JBS Holdings, the world’s largest meat company by sales, paid $11 million in its May 30 bitcoin ransomware attack, attempting to avoid further disruption to its business.
As reported by The Wall Street Journal on Wednesday, payment was made to a group, REvil, which left no trace as to how it managed to infiltrate the company’s systems. The attack shares similarities with the Colonial Pipeline ransomware attack that occurred on May 14.
Based on the forensic analysis conducted by JBS, no customer, supplier or employee data was compromised in the attack.
Payment was made as an attempt to cushion the impact the attack placed on business procedures and JBS partners, including restaurants, grocery stores and farmers, according to Andre Nogueira, CEO of JBS SA’s U.S. division.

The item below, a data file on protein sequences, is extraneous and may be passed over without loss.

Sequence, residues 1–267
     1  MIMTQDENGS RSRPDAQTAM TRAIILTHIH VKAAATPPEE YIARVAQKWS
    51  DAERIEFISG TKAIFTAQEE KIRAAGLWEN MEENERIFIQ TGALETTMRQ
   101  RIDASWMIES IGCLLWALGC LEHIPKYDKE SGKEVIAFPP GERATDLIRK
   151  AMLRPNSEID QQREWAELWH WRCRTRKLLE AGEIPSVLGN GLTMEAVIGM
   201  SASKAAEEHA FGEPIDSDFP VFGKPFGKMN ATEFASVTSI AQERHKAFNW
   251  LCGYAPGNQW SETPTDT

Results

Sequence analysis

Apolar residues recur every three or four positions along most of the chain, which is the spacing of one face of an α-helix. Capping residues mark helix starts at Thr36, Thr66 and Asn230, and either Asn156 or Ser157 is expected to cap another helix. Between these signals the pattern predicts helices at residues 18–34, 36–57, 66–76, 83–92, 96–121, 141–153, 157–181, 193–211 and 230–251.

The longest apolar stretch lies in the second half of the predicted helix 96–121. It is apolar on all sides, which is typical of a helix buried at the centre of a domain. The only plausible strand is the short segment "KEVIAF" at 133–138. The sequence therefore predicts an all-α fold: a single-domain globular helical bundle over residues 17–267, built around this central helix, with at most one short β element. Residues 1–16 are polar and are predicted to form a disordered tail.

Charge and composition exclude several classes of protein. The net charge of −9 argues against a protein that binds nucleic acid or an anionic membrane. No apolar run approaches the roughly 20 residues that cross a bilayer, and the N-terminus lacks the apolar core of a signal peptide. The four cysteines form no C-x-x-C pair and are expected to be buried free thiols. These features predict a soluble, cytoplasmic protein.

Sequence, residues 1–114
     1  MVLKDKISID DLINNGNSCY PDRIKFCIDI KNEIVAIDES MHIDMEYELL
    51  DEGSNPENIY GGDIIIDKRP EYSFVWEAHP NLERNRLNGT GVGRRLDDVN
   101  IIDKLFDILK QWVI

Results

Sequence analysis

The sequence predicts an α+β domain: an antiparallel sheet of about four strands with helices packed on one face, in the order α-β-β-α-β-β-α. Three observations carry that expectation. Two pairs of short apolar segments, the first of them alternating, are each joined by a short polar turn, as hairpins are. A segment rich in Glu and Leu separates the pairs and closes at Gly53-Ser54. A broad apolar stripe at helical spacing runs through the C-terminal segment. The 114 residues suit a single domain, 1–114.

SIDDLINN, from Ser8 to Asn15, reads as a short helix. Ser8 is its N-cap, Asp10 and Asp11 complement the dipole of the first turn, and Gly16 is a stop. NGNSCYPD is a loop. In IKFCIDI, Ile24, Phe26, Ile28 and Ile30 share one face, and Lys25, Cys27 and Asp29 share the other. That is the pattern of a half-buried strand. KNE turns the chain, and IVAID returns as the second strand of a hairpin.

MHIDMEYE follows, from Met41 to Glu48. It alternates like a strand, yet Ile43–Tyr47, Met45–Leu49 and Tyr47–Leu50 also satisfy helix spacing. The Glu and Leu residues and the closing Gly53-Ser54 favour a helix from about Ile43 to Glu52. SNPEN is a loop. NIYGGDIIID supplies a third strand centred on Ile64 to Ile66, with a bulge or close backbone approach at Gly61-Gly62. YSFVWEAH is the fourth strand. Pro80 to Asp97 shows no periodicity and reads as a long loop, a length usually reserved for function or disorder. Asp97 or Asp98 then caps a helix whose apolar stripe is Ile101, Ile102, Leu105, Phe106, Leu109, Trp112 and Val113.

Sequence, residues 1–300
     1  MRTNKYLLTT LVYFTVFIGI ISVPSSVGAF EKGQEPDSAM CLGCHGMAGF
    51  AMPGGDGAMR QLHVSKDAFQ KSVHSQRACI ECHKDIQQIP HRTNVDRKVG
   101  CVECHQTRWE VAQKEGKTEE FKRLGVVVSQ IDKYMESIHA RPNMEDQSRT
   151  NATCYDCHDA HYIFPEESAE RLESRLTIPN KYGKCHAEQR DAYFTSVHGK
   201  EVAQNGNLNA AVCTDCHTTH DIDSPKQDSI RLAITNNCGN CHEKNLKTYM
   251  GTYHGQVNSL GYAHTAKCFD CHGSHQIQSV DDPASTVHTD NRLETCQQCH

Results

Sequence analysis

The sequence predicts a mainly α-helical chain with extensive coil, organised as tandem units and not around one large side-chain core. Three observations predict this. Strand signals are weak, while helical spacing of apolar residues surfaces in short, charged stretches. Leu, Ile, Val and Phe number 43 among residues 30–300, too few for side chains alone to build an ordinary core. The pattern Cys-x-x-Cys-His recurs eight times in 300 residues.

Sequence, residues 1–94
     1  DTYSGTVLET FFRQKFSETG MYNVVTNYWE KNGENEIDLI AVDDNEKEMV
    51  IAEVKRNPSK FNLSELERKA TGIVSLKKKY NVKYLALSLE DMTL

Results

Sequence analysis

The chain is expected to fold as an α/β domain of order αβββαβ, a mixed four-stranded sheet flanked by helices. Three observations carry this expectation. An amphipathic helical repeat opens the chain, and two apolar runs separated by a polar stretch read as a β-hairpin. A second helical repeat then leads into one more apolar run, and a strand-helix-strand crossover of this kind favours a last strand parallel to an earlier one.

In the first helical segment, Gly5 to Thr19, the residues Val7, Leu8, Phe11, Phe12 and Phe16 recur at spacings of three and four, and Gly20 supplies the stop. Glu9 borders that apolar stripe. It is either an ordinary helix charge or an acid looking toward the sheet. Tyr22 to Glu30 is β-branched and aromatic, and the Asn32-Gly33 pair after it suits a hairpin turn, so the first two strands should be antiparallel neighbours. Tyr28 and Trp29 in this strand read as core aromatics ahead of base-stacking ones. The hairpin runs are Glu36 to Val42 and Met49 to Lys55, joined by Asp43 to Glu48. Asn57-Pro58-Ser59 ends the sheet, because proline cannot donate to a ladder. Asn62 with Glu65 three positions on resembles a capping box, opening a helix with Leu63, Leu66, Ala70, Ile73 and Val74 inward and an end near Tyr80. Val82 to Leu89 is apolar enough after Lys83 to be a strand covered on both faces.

“It was very painful to pay the criminals, but we did the right thing for our customers,” said Nogueira. The company head also said the ransom was paid after most of the JBS plants were functioning and operational.
JBS learned of the attack on May 30 after staff began to notice irregularities with their servers. A message demanding a ransom in bitcoin soon made it clear that JBS was dealing with a sinister actor, per the report.
Shortly thereafter, JBS alerted the U.S. Federal Bureau of Investigation while the company’s technology staff began closing down the meat supplier’s systems to stymie the attacker’s advance, said Nogueira.
Luckily for the meat producer, JBS manages secondary backups of its data that are encrypted, Nogueira told the Journal. But while restoring its systems, JBS admitted to paying the ransom to ensure against further attacks from REvil.
“We didn’t think we could take this type of risk that something could go wrong in our recovery process,” Nogueira said. “It was insurance to protect our customers.”